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Cell Tissue Kinet. 1989 Nov;22(6):425-50.

The measurement of villus cell population size in the mouse small intestine in normal and abnormal states: a comparison of absolute measurements with morphometric estimators in sectioned immersion-fixed material.

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1
Department of Histopathology, Royal Postgraduate Medical School, London.

Abstract

From a functional viewpoint, the most important part of the small intestinal mucosa is the villus epithelium; in the experimental study of intestinal adaptation it is often necessary to estimate the size of the population. For these reasons, a systematic study of methods of measuring the size of the villus cell population was undertaken in villi of normal morphology from control animals, and in villi of abnormal morphology as produced by treatment of mice with cytosine arabinoside (Ara-C). The villus cell population can be measured with precision and accuracy in both normal and abnormal mucosal states, with a relative standard error usually less than 5%, with good reproducibility, and with very low counting errors. In the mouse a practically linear relationship between the villus cell population size and position in the small intestine can be shown. In normal, control animals, linear estimates of villus population, for example the villus height, the villus core height, and the villus row count measured in sections of immersion-fixed material, were found to be rough approximations as indicators of the villus cell population, and were highly correlated with it. Product variables, comprising the products of a height with a width measurement, show a large improvement over the linear variables as estimators of villus cell population. In populations of abnormally shaped villi produced by Ara-C, both linear and product variables showed a considerable decrease in correlation with the villus cell population. Consequently, indirect, linear measurements of the villus population size do not accurately reflect the size of the villus population in abnormal villi. Finally, a method comparing theoretical and measured surface: volume indices was used to indicate that the most appropriate shape for normal mouse villi is a simple cylinder; this method would also be applicable for other villus cell populations.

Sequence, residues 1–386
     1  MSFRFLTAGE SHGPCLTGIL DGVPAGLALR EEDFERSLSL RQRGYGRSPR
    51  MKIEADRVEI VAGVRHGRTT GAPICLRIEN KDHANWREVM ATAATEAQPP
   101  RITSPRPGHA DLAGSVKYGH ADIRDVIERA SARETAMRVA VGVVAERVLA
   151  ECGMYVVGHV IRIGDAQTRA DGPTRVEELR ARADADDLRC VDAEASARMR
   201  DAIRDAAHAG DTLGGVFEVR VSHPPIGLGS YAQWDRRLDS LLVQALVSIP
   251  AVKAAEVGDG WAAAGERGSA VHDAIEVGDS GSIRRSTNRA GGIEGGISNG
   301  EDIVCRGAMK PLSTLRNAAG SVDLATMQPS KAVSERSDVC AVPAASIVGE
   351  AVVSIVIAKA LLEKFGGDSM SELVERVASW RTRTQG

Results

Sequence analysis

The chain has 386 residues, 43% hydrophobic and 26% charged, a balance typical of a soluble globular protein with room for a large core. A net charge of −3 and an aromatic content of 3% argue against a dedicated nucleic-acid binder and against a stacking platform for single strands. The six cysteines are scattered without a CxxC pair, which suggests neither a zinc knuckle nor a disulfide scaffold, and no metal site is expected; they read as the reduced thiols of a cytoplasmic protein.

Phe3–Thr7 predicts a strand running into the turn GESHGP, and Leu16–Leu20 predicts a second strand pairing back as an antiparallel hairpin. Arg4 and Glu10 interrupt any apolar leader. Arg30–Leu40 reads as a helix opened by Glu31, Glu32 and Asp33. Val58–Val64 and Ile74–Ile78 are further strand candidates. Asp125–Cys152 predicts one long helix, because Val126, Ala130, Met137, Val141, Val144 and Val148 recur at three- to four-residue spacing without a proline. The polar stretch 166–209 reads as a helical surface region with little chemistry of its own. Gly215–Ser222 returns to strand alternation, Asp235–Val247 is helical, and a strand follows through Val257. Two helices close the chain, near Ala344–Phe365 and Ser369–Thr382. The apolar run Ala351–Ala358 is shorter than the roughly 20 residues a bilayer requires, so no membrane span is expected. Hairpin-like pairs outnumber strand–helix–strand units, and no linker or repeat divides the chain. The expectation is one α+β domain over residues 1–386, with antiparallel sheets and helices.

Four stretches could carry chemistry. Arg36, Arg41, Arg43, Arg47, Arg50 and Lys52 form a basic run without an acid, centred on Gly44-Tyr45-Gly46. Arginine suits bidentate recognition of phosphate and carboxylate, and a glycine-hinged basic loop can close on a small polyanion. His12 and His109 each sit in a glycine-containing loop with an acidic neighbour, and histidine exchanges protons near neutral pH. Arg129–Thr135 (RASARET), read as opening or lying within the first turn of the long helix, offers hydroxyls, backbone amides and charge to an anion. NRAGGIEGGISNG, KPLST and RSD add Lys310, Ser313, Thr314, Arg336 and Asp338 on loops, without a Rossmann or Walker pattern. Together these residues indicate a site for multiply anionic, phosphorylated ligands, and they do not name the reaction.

[Indexed for MEDLINE]

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